Richard Wagner: Die Walküre (arranged by: Eberhard Kloke)

Richard Wagner Die Walküre
Die Walküre

Richard Wagner: Die Walküre (arranged by: Eberhard Kloke)

Year of composition:
Scored for:
for medium-sized orchestra
Richard Wagner
Eberhard Kloke (2018)
2 2 3 2 - 4 2 4 0 - timp, perc(2), hp, cel, str
Instrumentation details:
1st flute (+picc)
2nd flute (+picc
alto fl)
1st oboe (+c.a)
2nd oboe (+c.a
hph ad lib.)
1st clarinet in B, A
2nd clarinet in B, A (+bass cl(Bb)
3rd clarinet in B (+bass cl(Bb) ad lib.)
1st bassoon
2nd bassoon (+cbsn)
1st horn (+wagner tuba in B)
2nd horn (+wagner tuba in B)
3rd horn (+wagner tuba in F)
4th horn (+wagner tuba in F)
1st trumpet
2nd trumpet
1st tenor-bass trombone (+bass tpt in C ad lib.)
2nd tenor-bass trombone
3rd tenor-bass trombone (+cb.tbn ad lib.)
4th tenor-bass trombone (+Cimbasso
cb.tbn ad lib)
percussion (2 players
xylorimba ad lib., glockenspiel, triangel, cymbal, tamtam, snare druml, gran cassa)
violin I
violin II
double bass
stage music (cow horn, Donnermaschine)
More Less

Work introduction

This transcription is geared to the forces available in a mid-size orchestra. In the course of arranging the work, the Klangfarben of the orchestra were expanded and “modernised” by greater differentiation within the historically given spectrum and by introducing new instruments. I strove both to expand and condense the sound, especially since I of course kept the instruments typical of the Ring (Wagner tuba, bass trumpet, contrabass trombone, etc.); the newly introduced ones (alto flute, heckelphone, contrabass clarinet, contrabassoon and cimbasso, the latter as a link between tubas and trombones) become especially significant as additional dramatic-psychological sonic elements.

My central concerns when transcribing Wagner’s Walküre for 11 soloists (including doublings) and 60 players were therefore both to create a practical alternative for performance (while fundamentally adhering to Wagner’s score) and to find a new sonic directionality for the piece – and this, let it be emphasised, was not only aimed at reducing the intention and method of reducing Wagner’s orchestra to make the work practical for performance in mid-sized and small theatres. This transcription consists of a not negligible transformation of the sound and thus the sonic structure within the orchestra and in the balance between the stage and the orchestra.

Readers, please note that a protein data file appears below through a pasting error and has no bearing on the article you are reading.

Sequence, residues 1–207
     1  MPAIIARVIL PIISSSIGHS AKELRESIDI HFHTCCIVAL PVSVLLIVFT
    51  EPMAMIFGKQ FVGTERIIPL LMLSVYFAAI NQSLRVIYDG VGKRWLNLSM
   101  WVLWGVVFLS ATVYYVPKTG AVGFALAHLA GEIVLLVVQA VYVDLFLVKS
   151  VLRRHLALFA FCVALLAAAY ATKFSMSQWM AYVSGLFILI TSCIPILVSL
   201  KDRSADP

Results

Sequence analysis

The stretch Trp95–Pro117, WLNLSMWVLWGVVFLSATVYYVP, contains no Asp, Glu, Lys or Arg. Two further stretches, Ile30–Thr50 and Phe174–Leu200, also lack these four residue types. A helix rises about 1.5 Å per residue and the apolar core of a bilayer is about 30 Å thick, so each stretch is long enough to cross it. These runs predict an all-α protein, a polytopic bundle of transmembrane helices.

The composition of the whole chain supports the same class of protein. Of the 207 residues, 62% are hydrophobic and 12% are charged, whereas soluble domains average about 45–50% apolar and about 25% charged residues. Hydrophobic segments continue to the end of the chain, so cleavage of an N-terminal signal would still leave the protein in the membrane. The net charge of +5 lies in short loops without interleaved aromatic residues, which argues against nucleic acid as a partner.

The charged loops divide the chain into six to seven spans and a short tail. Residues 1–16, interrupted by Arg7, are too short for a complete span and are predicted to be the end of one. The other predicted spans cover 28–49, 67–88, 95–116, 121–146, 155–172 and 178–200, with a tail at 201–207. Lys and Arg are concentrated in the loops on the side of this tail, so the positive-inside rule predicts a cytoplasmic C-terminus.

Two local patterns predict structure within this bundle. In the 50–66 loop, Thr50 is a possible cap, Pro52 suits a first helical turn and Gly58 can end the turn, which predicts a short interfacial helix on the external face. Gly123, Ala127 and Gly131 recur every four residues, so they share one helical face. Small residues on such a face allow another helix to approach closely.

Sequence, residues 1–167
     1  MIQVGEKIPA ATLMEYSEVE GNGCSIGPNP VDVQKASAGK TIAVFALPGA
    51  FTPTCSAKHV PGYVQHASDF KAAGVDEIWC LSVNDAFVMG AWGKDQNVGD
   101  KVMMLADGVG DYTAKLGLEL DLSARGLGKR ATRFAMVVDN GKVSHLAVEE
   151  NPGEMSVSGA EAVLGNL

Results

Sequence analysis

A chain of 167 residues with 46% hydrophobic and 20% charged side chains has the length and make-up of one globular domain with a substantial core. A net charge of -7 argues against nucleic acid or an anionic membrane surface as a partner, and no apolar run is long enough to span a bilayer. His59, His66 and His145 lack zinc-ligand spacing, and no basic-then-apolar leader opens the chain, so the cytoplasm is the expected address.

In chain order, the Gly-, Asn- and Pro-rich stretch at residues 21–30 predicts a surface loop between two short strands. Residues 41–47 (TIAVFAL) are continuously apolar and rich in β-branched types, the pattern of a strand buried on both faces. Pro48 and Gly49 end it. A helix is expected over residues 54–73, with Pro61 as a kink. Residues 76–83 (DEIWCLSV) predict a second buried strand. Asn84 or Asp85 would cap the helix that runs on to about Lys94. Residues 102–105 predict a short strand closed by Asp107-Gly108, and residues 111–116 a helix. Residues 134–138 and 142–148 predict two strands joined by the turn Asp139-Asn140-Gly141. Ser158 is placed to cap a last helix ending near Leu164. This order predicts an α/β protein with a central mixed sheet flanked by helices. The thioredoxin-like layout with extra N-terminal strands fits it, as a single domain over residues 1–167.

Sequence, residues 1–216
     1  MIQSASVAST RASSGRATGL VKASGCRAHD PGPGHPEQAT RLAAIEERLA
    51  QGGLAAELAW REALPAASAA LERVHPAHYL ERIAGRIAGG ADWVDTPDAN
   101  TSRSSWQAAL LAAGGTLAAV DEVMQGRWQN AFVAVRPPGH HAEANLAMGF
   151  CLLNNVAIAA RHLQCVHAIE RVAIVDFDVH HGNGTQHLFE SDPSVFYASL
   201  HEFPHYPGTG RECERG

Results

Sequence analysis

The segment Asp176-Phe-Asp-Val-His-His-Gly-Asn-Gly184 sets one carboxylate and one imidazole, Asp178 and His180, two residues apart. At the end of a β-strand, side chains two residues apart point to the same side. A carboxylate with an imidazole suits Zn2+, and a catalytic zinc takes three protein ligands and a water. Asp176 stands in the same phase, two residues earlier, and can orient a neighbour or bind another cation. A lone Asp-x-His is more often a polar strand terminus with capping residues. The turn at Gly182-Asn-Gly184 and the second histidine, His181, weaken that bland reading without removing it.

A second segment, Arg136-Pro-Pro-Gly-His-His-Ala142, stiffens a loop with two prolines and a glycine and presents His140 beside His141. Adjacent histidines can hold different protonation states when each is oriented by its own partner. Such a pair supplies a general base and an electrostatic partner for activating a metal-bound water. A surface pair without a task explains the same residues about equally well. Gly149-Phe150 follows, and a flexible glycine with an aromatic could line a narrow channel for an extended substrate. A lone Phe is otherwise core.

It cannot be emphasised enough that Walküre was not conceived for a covered orchestral sound (Bayreuth’s “mystical abyss”) but for conventional opera houses with open orchestra pits. It seems to me that indirect sound, indirect emission have become obsolete since the invention of microphone techniques (and thus sonic media, as well as unlimited options of digital analysis, processing and storage).

Today, attentive listeners are most concerned with perceiving refined Klangfarben in the orchestra, achieved through greater differentiation in the orchestration and more closely considered balance between the stage and the orchestra, to make the drama manifest for people’s eyes and ears today.

Specifying the Fach of the voices was dispensed with since this arrangement of the work can also be performed by lighter voices, not only the traditional high-dramatic ones:

Cast of Walküre

Sieglinde: soprano
Brünnhilde: soprano
Fricka (Waltraute)*: mezzo-soprano
Siegmund: tenor
Wotan: bass-baritone
Hunding: bass
Six Valkyries:
Helmwige, Gerhilde: soprano
Waltraute (Fricka)*, Rossweiße: mezzo-soprano
Grimgerde, Schwertleite: alto
* These roles can be played by one performer, if necessary.
Orchestra: min. 57, max. 65 players

Eberhard Kloke

Translation by Grant Chorley

A brochure with detailed information on the arrangement and casting (overlaps and double-casting options) is available from Universal Edition: [email protected]

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